drop a brick
into your soul
kick out the heart
of the old man
wandering, drooling
roaming your head

directs the reader to follow suit through use of its verbs, Q&Q is just as direct, but instead poses questions. And questions may be more powerful, may be more disruptive than a kick, requiring as they do, some engagement on the part of the reader. In fact, this aspect is a key strength of much, if not all of the poetry within, where a challenge is thrown to the reader. Read! Think!

Patric also shows a deft hand with repetition and variation, not only in the bigger picture of the collection, but from poem to poem. We see this especially in poems like Paper targets, A tissue, a tissue and the wry In defence of blind ignorance:

every now and again
every again and now
someone offers you
you’ve ever dreamed of
the trouble is
they take it
more often than not
reconsidering and rethinking
on second thoughts on second

the poem also demonstrating the importance of layout, which should not be overlooked – as the poems in the chapbook often lead the eye down the page, engaging the reader both visually and verbally. Both Mr. Leviathan goes on a holiday and Kicked in the teeth when I was just coming in for a kiss blues do this wonderfully, adding movement to pieces which already have a startling sense of movement – where Patric ‘leaps’ from one image, thought or mood to another, and does so within a clear set of thematic borders all the while keeping things interesting, such as in Kicked in the teeth…:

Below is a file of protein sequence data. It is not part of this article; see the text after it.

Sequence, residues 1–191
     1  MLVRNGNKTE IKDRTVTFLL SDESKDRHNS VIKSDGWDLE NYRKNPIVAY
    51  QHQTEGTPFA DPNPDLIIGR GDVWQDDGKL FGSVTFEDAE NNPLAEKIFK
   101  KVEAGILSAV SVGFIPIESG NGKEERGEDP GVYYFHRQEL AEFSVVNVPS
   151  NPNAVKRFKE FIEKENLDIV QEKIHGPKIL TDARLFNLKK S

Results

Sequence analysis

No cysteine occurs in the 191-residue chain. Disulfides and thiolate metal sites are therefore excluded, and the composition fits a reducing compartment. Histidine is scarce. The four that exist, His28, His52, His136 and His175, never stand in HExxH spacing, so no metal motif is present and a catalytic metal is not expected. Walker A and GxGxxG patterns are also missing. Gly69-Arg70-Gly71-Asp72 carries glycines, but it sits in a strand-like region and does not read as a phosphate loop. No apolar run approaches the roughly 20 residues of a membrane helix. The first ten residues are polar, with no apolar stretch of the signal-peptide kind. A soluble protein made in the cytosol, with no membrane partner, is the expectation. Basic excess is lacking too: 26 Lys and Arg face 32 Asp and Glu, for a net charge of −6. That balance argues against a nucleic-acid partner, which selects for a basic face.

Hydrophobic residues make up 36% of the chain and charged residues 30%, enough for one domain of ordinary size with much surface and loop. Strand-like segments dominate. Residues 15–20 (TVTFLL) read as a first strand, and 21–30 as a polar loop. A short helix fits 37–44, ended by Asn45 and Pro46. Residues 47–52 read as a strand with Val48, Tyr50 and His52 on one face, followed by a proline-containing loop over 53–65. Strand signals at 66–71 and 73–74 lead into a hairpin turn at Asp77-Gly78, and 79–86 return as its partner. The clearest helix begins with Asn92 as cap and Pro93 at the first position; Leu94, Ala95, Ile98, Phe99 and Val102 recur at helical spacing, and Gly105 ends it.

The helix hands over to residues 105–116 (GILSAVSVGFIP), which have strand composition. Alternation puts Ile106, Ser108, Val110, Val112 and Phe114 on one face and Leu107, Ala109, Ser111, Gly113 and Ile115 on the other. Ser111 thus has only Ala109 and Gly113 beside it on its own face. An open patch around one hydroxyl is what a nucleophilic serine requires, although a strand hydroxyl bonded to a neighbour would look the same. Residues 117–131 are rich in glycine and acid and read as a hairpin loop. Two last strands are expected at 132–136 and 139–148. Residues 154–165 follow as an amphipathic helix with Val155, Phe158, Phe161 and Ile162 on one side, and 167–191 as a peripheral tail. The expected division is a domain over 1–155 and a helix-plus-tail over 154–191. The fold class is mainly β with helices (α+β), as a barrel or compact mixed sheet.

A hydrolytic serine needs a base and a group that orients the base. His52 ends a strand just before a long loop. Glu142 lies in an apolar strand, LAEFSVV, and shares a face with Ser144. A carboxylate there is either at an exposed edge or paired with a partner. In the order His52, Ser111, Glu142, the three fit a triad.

………I’ve told you that before
…..the waves and the ocean beneath are real for God’s sake
entering my ears when I’m sleeping
……………….and I wake with a goldfish in my mouth
it’s not what the doctor ordered
……when I told him I was worried
…………all my tentacles looked less octopus
……………..and more fish’n’chip calamari
….and you and your fat oily lips acting like I’m barely even tasty

Mr. Leviathan… is one of two pieces that seem to carry the bulk of the thematic concerns, whereby a deep frustration with modern society’s inability to slay giants, slay the Leviathans of our world, is most apparent. Patric seems to be asking, where have the heroes gone? This frustration comes through in the lexical sets used in the collection, those of war, death and pain, but also of the body and of the ocean for instance, where water is a dark, troubling thing full of monsters or disappointments.